Back at Sundance – Day #4
This was the day I was looking forward to since I opened up the Sundance film guide and started mapping out what I was going to see.
Today was Scary Sundance Day!
First up was a short film titled, RITE. Alice Conway gives us a disconcerting front row seat for a little girl’s preparation for a very important ceremony. The beginning is very similar to a great film we had at AFI FEST a couple years back, Nicole Barnette’s FOURTEEN. In that film, the little girl was being prepped for a marriage to a creepy old Mormon guy. This one goes another direction. Effectively. I won’t give it away, but it takes the notion of the rites of adulthood to a proper or improper (depending on how you look at it) extreme.
Then it was time for GRACE. Directed by Paul Solet and starring Jordan Ladd, it’s your basic story where a pregnant woman’s baby dies prior to birth, beset by grief she carries the dead infant to term and then wills it to life after it’s born. And then there are uhm…complications… One of the things we learned during the Q&A after the film was that when he was a kid, Paul’s camp counselor was Eli (HOSTEL) Roth. It explains a lot.
Anyway, here’s some things you learn: You can put up all the fly paper and protective netting in the world, but you’re never going to convince flies they should stay away from your kinda dead baby. To ensure that things can get as worse as they possibly can, it helps if mom steadily becomes more and more psychotically focused on keeping said baby alive. Finally, lesbians carrying an unrequited torch can’t be trusted to make the right decisions to keep the horror from happening. I loved this film. Loved it. It takes you down a very, very dark path – methodically and thoroughly, rich with theme and detail. I will finish with this thought: If a rotting but living baby has a bloodlust, is it really necessary to define it as “vampire” or “zombie”? I mean, why must we always get hung up on labels? I think I can state what’s important with this quote from the film: “She’s special, she needs special food.”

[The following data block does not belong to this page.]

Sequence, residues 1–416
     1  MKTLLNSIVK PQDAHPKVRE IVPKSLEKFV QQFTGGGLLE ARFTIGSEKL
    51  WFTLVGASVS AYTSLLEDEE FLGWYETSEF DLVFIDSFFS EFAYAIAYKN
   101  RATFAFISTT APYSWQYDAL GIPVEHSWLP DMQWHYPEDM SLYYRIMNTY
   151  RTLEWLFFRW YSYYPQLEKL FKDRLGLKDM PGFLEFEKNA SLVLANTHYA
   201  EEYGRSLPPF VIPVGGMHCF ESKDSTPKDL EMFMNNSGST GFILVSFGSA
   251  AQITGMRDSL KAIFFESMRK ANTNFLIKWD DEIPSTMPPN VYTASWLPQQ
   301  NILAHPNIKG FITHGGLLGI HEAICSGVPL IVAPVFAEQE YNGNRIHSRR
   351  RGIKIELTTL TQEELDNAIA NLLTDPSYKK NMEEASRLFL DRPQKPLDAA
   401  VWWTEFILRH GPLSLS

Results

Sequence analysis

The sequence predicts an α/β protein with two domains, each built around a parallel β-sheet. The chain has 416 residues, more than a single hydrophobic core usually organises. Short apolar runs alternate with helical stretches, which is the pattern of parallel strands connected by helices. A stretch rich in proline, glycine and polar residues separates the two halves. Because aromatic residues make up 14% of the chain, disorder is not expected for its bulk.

Next on the scary hit parade was Jason Eisner’s short film, TREEVENGE. Well, fun scary, I guess. Let me set the scene for you: A pristine field of evergreen trees faces an onslaught of men wielding axes and chain saws. It’s a horrible scene of torture and slaughter and the trees don’t understand. (We know this, because their horrified peeps and squeaks are translated via subtitles.) Then, they’re taken to Christmas tree lots and separated from their friends and family and then put in houses and forced to have decorations put on their branches by more horrible people. Eventually, of course, they exact their,…wait for it…TREEVENGE. In every violent and gory way imaginable. It’s great.
And the evening’s closer was Tommy Wirkola’s DEAD SNOW. Let me say this first off: No matter what country you’re in and regardless of what language the people speak, there will always be young people willing to go to some reasonably isolated place ignoring any logical reason they should do otherwise, for the express purpose of being killing fodder. Second, those young people – even in Norway, in this case – will get a visit by a scary old guy kindly informing them that they’re all gonna die. It’s a grand tradition held since that old coot on the bicycle in the original FRIDAY THE 13TH. And it continues here. And then, it’s time for the zombie Nazis to join the party. I don’t think it’s necessary to spell out what exactly happens, but here are two more truths to leave you with: First, the only thing that pisses a zombie Nazi off more than young people stealing their treasure is young people having sex after stealing their treasure. Second, inevitably while in a killing frenzy against whatever mob of bad things that are threatening you it’s important to also kill your friend or girlfriend because they picked the wrong moment to arrive on the scene just out of your peripheral vision.
I mean, let’s face it – that’s really their bad. Right?